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First off today, a panel discussion at the Web 2.0 Summit in San Francisco turned somewhat ugly as Arthur Sulzberger, junior chairman of the New York Times Company and Eric Hippeau, CEO of the Huffington Post found themselves at odds on the issue of the future of journalism. Even though Sulzberger said that he’s fine with what Google does, index their content to send traffic, he said the Huffington Post has infringed on their copyright “on too many occasions” and accused the site of reverberating what the mainstream media had reported on.
Hippeau disagreed with those statements, saying that there was a great deal of original content on the Huffington Post and that the site employed some 60 editors.
The exchange was part of a larger panel discussion about the future of journalism on the Web and also included Melissa Mayer, the VP of search at Google, and Robert Thomson, the managing editor of the Wall Street Journal.
Next up today, National Public Radio (NPR) is accusing the Maine political group Stand for Marriage Maine accusing it of copyright infringement. The group, which opposes gay and lesbian marriage, used a clip from a 2004 NPR story about the inclusion of gay and lesbian relationships in sex education classes in Massachusetts in an advertisement for its cause.
NPR sent the group a cease and desist letter on Tuesday, but the group has refused to stop using the clip citing fair use. However, NPR has said that the use of the audio, which according to them was “a very central piece of the ad” went beyond what could be considered fair use.
There is no word yet as to what, if any, further action NPR may take against the organization.
Finally today, Phonographic Performance Ltd (PPL) a group that, like ASCAP in the U.S., collects royalties on the part of performers for public performances of their work (e.g. in stores, bars, etc.) suffered a setback from Britain’s Copyright Royalty Board, which rejected their tiered licensing system. The old system set rates based upon the relative size of the business, ranging from £100 ($165)to £500 ($827) per year based on the number of square meters in size the establishment is. The new one charges smaller business slightly more, £109.75 ($182), but is much cheaper for larger businesses, which now only pay £150.91 ($250) for a business up to up to 550 square meters, with further increments of £13.72 ($23) per 50 square meters beyond that.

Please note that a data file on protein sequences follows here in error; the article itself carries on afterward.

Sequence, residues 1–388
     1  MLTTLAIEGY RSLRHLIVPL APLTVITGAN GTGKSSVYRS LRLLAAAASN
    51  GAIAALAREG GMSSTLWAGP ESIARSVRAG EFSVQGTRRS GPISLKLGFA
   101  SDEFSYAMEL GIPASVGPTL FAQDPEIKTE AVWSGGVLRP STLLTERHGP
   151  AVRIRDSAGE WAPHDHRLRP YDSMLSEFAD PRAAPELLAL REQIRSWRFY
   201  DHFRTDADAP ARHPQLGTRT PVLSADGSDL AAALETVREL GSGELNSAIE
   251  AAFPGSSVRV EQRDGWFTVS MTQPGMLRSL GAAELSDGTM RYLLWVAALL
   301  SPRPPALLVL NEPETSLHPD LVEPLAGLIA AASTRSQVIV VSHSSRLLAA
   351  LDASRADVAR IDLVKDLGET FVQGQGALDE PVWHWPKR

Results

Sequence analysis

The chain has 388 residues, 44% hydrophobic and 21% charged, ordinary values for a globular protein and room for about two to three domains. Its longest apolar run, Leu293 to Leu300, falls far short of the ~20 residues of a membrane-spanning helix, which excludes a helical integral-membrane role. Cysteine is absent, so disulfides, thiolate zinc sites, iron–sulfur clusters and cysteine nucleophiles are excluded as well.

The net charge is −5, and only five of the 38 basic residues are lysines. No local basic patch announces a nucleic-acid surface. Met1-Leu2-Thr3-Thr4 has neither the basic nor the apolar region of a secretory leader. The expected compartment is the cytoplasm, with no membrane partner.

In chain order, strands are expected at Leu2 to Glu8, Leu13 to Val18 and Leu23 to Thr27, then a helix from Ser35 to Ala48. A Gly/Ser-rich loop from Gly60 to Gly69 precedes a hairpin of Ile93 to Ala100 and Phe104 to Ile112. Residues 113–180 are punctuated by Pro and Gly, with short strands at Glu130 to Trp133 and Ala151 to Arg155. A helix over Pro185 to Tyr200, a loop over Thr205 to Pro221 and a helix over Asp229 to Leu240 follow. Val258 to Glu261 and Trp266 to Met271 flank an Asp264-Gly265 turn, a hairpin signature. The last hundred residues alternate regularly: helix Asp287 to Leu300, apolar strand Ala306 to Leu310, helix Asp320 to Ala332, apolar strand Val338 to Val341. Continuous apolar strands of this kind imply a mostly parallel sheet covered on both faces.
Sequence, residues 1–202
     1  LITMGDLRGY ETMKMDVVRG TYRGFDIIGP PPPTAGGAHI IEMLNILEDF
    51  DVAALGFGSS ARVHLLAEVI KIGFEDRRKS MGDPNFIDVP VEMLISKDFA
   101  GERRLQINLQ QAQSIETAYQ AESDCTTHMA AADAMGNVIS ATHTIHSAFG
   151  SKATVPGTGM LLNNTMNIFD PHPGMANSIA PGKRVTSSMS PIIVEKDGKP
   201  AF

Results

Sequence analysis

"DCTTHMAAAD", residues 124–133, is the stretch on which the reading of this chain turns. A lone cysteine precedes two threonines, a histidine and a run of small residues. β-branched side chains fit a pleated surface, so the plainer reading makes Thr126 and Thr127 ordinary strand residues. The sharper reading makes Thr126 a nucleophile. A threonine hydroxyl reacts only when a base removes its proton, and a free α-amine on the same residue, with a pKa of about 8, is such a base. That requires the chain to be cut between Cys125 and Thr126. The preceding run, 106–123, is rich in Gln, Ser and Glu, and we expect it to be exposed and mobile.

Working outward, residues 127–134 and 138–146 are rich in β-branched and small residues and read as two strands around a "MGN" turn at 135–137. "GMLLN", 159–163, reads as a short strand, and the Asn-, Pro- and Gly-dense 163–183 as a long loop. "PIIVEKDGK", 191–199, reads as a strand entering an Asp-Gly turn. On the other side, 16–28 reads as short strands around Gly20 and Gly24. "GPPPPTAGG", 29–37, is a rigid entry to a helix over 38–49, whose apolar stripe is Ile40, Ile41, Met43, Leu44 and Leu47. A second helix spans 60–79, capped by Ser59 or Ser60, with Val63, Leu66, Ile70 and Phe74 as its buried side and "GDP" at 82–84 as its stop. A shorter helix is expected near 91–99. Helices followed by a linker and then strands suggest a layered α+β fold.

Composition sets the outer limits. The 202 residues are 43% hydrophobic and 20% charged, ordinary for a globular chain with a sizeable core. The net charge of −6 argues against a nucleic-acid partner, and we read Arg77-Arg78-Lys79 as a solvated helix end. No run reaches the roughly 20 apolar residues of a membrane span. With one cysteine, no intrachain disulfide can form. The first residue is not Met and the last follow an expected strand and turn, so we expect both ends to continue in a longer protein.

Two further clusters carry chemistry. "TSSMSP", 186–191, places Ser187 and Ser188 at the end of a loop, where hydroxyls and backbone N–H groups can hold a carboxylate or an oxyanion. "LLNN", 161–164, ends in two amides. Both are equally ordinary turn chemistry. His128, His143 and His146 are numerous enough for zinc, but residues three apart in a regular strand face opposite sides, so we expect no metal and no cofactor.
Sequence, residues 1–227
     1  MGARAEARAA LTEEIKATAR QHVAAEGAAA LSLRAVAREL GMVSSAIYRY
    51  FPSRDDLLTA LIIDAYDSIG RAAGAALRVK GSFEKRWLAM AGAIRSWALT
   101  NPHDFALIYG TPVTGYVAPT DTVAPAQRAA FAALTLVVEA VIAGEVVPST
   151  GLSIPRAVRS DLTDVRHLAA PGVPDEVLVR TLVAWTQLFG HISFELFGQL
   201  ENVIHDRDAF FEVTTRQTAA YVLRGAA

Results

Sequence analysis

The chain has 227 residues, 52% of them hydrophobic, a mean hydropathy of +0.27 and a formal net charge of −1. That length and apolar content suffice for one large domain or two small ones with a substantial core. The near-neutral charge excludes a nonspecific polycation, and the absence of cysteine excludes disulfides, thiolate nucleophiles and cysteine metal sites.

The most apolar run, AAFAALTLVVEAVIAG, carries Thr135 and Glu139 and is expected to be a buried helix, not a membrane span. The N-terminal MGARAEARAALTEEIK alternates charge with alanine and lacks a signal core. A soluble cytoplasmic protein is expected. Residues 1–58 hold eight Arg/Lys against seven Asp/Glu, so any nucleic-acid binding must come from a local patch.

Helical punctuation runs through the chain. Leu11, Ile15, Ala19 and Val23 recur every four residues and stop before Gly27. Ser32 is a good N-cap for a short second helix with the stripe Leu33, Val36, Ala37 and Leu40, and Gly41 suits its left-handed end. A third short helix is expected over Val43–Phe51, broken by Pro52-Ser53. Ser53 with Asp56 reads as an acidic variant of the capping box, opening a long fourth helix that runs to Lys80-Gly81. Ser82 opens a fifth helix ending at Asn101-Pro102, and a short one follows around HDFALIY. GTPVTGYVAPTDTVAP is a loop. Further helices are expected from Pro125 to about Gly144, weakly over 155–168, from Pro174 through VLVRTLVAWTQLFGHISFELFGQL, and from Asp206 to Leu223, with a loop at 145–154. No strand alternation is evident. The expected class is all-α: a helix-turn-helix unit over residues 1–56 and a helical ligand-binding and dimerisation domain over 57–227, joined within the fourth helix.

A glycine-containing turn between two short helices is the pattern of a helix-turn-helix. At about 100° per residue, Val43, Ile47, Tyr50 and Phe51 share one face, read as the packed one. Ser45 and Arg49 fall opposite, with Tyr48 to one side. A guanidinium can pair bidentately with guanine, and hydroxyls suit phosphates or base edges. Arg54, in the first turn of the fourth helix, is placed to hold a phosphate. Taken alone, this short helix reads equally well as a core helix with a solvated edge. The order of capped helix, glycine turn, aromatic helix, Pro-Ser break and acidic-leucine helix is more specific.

The British Beer and Pub Association and the British Hospitality Association, the organizations which brought the suit, estimate that their industries will save £5 million ($8.3 million) a year with the new rates and also claim that they are owed £15 million ($24.8 million) to £20 million ($33.1 million) in refunds.
The organizations also received 50% of their legal expenses.
That’s it for the three count today. We will be back tomorrow with three more copyright links. If you have a link that you want to suggest a link for the column or have any proposals to make it better. Feel free to leave a comment or send me an email. I hope to hear from you.
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